with an additional 600 cpsi monolith and using a smaller area spreading plate,
but it still isnt working flawlessly.
It makes decent thrust on the test stand and doesnt quench, but it isnt
heating evenly, and it has a substream of clouds in the exhaust. We might be able to fly like that, but we
really want to get completely clear exhausts for visibility and best
We fired the 12 engine at some very low pressures, which
might be a flight option for us. All of
the catalyst necessary to make nine 12 engines should be arriving in under three
weeks, which is faster than ordering any new foil monoliths for 7
diameter. It warmed quickly and ran at
a very even pressure, but at only 40 psi of chamber pressure it didnt clear
itself out completely. This shows a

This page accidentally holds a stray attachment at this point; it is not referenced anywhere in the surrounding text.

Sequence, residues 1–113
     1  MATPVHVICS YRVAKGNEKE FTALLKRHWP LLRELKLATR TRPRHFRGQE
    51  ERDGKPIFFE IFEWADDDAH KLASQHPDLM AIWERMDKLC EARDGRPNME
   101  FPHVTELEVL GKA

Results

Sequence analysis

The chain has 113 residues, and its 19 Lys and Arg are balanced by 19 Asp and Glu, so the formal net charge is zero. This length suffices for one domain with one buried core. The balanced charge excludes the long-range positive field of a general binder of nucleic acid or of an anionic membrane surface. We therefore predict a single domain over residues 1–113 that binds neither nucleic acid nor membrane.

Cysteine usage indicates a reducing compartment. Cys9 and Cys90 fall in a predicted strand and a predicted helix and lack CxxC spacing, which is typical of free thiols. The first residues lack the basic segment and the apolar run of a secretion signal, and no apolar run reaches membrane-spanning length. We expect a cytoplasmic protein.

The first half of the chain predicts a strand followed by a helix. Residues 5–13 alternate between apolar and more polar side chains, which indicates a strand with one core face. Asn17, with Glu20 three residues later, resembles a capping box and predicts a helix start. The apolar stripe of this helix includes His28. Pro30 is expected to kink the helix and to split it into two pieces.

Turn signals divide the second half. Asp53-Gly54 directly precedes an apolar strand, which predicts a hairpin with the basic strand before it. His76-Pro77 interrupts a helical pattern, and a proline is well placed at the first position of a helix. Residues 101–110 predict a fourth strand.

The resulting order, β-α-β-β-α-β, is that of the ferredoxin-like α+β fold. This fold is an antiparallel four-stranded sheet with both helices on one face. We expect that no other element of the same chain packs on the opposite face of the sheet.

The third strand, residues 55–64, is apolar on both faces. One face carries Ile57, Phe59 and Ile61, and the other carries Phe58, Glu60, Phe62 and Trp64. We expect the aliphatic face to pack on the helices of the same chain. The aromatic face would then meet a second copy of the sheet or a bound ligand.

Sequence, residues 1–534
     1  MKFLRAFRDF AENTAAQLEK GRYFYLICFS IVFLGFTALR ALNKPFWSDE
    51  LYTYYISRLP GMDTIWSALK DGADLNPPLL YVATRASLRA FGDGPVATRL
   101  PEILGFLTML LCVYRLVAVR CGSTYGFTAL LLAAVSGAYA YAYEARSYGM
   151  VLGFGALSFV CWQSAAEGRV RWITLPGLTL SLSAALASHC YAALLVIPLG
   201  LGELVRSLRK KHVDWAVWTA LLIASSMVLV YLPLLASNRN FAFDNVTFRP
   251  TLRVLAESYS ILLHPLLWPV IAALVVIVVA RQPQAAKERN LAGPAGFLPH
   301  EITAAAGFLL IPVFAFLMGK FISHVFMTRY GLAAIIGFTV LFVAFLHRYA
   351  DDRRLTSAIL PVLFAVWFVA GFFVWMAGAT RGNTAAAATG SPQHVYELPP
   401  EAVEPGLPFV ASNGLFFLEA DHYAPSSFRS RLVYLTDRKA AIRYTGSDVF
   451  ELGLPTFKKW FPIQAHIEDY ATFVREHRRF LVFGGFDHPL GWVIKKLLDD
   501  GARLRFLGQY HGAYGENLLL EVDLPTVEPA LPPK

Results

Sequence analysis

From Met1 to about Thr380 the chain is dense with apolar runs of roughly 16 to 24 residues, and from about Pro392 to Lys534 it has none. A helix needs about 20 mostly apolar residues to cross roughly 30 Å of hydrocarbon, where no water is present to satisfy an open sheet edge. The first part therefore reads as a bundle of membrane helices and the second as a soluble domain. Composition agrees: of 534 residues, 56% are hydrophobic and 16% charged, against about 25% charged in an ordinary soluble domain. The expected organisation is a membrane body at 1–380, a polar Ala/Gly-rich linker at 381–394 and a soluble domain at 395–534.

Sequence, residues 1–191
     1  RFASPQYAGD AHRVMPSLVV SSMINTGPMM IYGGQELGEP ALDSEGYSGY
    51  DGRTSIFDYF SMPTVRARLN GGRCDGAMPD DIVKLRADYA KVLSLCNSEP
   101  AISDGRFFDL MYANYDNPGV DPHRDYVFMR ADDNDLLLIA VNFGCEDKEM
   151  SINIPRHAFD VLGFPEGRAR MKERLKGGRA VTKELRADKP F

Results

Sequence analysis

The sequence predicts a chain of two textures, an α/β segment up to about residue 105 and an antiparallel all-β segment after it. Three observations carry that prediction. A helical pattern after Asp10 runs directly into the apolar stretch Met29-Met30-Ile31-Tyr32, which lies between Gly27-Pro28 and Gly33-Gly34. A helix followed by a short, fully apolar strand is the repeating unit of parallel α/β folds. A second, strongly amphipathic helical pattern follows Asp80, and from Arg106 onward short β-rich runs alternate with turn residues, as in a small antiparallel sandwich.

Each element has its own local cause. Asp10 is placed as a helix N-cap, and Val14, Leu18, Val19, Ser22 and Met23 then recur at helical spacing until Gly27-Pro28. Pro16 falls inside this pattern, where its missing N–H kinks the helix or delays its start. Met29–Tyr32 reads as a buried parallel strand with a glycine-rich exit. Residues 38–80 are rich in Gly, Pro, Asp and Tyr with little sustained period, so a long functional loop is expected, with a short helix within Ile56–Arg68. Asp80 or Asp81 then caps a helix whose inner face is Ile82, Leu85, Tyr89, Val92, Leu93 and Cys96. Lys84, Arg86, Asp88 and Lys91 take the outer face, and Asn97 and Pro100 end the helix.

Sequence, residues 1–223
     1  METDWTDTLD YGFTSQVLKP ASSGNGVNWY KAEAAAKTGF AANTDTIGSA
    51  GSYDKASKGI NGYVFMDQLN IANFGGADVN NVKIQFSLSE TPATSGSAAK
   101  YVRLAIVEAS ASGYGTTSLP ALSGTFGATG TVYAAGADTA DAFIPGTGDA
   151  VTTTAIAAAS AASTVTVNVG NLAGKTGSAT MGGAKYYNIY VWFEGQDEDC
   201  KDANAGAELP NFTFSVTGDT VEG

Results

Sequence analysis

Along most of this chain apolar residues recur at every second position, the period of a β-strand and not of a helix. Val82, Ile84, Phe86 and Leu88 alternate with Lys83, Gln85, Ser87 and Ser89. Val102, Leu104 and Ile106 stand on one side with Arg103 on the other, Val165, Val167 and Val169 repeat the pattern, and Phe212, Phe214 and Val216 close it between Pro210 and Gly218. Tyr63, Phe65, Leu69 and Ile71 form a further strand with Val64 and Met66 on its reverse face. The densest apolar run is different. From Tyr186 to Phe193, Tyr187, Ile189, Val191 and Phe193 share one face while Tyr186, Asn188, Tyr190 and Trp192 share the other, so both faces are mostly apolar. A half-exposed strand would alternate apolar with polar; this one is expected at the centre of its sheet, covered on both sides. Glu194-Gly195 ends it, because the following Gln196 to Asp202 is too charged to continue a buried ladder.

weakness of all our previous testing: We always opened the valves completely
when starting a test run, and many engines were briefly cloudy before
clearing. Trying to creep up the
throttle from idle just doesnt seem to work on the current engines. Slamming the throttle open isnt an option
for flight vehicles, unless we implement a hold-down system.
We have a couple more tweaks to try on the current 5.5/7 stepped
chamber engines, but we might be stuck waiting for new 7 monoliths if we find
that the stepped chamber is just problematic.
I have ordered a few thermocouple amplifiers for our data acquisition
system, which may let us get a little more insight into the operating